Challenges facing the healthcare industry in Africa

Challenges facing the healthcare industry in Africa
Published: 17 July 2017
Access to basic healthcare services and products remains a challenge throughout significant portions of the world. When many people think of a lack of healthcare and/or the consequences that follow it, many think about the African continent's struggles with a variety of health-related issues. While evolutions in technology have helped make dramatic improvements in many areas, there are still a number of challenges that make fully addressing the health concerns of the entire continent difficult. Today, we'll review some of the biggest roadblocks preventing a major healthcare revolution in Africa and how each one of them is being eroded slowly but surely.

A Lack of Healthcare Workers
One major hurdle in the fight for better healthcare in Africa is a simple shortage of qualified hands. The number of people with degrees, such as a standard or online masters in health administration and nursing, significantly lags behind other continents, resulting in healthcare throughout the continent being rationed. Ultimately, educational opportunities throughout the continent continue to grow and are helping to alleviate this problem, but a notable lack of healthcare supply - coupled with some less-than-modern individual and public beliefs on select health-related issues - makes it difficult to close the gap in a short period of time. However, online colleges and universities with a healthcare focus are increasingly being used as one option for low-income and rural people to obtain new career qualifications from their homes.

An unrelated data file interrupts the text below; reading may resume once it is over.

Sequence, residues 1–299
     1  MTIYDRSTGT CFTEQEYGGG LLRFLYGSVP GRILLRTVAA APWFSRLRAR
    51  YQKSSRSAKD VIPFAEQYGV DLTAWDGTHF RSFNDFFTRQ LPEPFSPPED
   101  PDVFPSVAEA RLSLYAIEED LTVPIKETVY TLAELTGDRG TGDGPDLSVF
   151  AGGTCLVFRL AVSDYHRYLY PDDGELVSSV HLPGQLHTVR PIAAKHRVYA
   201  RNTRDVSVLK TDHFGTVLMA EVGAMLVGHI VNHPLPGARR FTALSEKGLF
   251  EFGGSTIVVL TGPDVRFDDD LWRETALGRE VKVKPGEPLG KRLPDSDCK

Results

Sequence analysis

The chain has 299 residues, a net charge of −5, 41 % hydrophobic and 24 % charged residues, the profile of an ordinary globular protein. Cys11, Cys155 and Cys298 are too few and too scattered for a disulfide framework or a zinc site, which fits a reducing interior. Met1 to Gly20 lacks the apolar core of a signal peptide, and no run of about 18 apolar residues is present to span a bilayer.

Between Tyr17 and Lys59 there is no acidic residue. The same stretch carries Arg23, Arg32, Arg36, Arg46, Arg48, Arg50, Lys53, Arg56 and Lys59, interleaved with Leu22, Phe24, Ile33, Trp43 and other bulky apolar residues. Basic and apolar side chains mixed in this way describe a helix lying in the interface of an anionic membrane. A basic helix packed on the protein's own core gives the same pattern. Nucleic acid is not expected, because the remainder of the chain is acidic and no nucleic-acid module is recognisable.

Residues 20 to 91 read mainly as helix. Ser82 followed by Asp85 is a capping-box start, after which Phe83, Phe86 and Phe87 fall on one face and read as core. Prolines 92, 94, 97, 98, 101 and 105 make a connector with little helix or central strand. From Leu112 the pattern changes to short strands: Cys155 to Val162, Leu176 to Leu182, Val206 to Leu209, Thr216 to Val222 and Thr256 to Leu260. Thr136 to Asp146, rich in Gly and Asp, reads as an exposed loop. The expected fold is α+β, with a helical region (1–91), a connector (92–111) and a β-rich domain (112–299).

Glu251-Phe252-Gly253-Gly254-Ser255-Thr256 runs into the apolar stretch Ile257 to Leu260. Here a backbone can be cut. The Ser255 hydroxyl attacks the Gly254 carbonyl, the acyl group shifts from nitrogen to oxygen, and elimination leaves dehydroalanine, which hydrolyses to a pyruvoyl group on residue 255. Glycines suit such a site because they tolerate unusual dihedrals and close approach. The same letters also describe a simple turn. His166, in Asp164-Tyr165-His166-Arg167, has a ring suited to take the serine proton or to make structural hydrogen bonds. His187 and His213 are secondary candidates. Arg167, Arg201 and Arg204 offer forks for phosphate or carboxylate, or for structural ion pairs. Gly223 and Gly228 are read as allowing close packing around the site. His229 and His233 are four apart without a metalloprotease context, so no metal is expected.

Infrastructure Struggles
Another major problem that is preventing the effective distribution of healthcare across the continent relates to simple infrastructure. By far the second largest continent in the world in terms of both land mass and population, an underdeveloped series of utility lines, major roadways and other forms of infrastructure makes it difficult for remote populations to access modern healthcare. With roads that become inaccessible during certain periods of the year and the vast distances in many cases between major cities, healthcare is hardly sustainable in many areas of the continent. This is why such a large focus has been on driving healthcare development in local and community settings.
Pre-Existing Crises and Public Response
Finally, a huge part of the struggle affecting millions of Africans is the pre-existing conditions that affect health. With diseases such as HIV affecting tens of millions across the continent, life spans are significantly shortened. While many treatments for common illnesses have been delivered, formulated and distributed throughout the continent, major illnesses such as HIV continue to devastate all aspects of life, including longevity, reproduction rates, and economic output.

Additionally, the public sector's response is less than uniform on addressing such challenges. While some African nations and leaders have risen to the challenge, there are other nations where, for example, basic doubts about the fact that HIV even exists has been government policy. Combined with some nations' propensities for corruption to divvy up charitable resources designed to improve healthcare, and you have a recipe for a stagnation of the situation.

While great progress has been made in improving life expectancy and transmission of select illnesses, Africa as a whole still has a variety of healthcare obstacles to overcome. Ultimately, more people pursuing traditional and online MHA degrees, a re-dedication to improving basic infrastructure, and more educated public policy initiatives can help to narrow the gap and reduce the severity of this major problem.

- Agencies
Tags: Africa,


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